An excerpt from the book
The Korean Experience Revealed
 by Hub Gray

The Korean conflict was nothing like the actions in the Hochwald Forest of North West Europe, or akin to the intense close combat at Ortona, Italy during WWII. Every war is different, each establishing its own conflict of arms and in 1951 the Chinese infantry, heavily armed with automatic weapons, attacked en masse on a limited front hoping to conquer their enemy through suicidal thrusts. They successfully placed demands upon their troops that western nations would have found repugnant, employing a doctrine that was based upon the experiences of Mao Tse-tung in fighting the Japanese and Nationalist China. China had not developed a fully modern  and diversely equipped fighting force during the Korean War, although after Korea they developed a well disciplined and a broadly equipped military. They learned their lessons in Korea.

Unlike WWII the cities of Korea did not offer the spectrum of amenities for rest and relaxation which allied troops experienced in war-torn Europe . Korea was essentially a rural economy at the time, and its cities and infrastructure had been fought over so many times that they were almost totally flattened. Once a year a soldier was granted five days rest and recuperation in Japan, and the rest of the time we had to make the best of what little there was available in Korea. Conditions were repetitious, and thus we existed one on top of another both in and out of the line.

The British 27th Brigade arrived in Korea in August 1950; The 3rd Battalion Royal Australian Regiment (3RAR), formerly occupation troops in Japan, arrived in late September; the 16th Field Regiment, Royal New Zealand Artillery (16 RNZA) arrived December 15 and were committed to battle on the 25th  of January, 1951. The Second Patricias arrived December 16th and went into battle, February 17, 1951 . In late May our 25th Canadian Brigade took to the field. The Australians had one battalion in Korea, and much later two; New Zealand had one artillery regiment; the Indians provided a first class field ambulance, all integrated within the British Brigades. 2PPCLI fought along side the Australians, New Zealanders, British and the Indians, in both the 27th and 28th British Commonwealth Infantry Brigades. I believe we got along well. I found the New Zealanders to be warm, friendly and very supportive. The Australians were proud, slightly rough around the edges but excellent soldiers. The British, as usual, were steadfast and at all times unflappable. Fortunately I did not have occasion to require the services of the Indian Parachute Field Ambulance; however, they had the reputation of having the lowest loss of casualties of all front line medical services in Korea.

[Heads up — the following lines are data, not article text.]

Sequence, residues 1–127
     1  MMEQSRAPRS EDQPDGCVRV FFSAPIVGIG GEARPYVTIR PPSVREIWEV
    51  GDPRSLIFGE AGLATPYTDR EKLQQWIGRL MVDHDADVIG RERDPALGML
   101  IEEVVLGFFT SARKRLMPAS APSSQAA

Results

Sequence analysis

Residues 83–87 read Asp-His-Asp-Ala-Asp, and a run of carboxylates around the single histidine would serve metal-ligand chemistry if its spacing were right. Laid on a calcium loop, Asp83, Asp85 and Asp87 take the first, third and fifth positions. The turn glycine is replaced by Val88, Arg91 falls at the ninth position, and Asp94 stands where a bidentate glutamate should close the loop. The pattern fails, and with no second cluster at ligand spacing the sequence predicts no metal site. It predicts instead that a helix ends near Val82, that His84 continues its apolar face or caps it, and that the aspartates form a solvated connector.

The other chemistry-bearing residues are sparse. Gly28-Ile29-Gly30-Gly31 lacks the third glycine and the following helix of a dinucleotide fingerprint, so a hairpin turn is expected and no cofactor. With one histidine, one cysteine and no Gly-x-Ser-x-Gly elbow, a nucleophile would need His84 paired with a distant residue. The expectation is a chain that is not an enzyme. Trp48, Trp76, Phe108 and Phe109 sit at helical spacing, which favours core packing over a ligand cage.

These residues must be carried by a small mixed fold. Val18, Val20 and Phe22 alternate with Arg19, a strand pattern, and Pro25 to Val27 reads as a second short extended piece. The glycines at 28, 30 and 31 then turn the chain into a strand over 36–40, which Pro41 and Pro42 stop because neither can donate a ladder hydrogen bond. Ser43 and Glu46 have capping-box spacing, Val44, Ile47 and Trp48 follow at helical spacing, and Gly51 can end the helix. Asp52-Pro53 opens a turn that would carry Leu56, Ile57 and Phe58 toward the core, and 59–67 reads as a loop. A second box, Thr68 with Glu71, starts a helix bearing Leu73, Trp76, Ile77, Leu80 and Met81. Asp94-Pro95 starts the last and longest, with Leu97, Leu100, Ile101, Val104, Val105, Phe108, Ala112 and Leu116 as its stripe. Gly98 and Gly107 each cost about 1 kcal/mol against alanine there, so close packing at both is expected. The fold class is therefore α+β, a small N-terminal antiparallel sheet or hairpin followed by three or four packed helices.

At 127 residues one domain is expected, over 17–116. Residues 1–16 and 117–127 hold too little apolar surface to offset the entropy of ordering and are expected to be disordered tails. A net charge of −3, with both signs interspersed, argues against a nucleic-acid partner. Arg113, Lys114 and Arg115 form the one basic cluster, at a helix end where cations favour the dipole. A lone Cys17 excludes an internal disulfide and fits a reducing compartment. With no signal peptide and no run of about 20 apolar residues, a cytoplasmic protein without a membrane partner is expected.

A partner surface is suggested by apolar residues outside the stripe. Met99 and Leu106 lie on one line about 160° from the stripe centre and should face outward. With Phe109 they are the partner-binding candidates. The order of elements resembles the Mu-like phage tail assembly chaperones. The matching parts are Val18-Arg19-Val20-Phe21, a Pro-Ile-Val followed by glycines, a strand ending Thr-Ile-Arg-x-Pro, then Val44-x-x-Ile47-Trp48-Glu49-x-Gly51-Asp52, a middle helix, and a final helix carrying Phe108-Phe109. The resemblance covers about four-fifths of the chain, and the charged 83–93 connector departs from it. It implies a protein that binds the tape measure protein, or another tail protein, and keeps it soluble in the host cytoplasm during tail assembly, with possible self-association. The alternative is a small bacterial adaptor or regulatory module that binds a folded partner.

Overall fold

Captain RKG Porter, Adjutant of the 16th RNZA, has expressed contradictory opinions concerning the performance of Canadian troops in Korea. In Ian McGibbon's official history of New Zealand in the Korean War, Vol.II, Porter is quoted as saying the Canadians: "field performance was not greatly admired;" and that Canadians were, "unpredictable in their behaviour, sloppy in fieldwork and generally arrogant." 1  During May of 1951 the Canadian presence expanded rapidly from about 800 troops to more than 6,000. We went from one understrength infantry battalion to the reinforced 25th Canadian Infantry Brigade; three Infantry Battalions and supporting arms and services including an Armoured Squadron, an Artillery Regiment, engineers and so on. Canada's Provost Corps (Military Police) administered the Commonwealth Field Punishment Camp (Military Prison) in Korea, and it was designed to administer harsh punishment, as are all military prisons.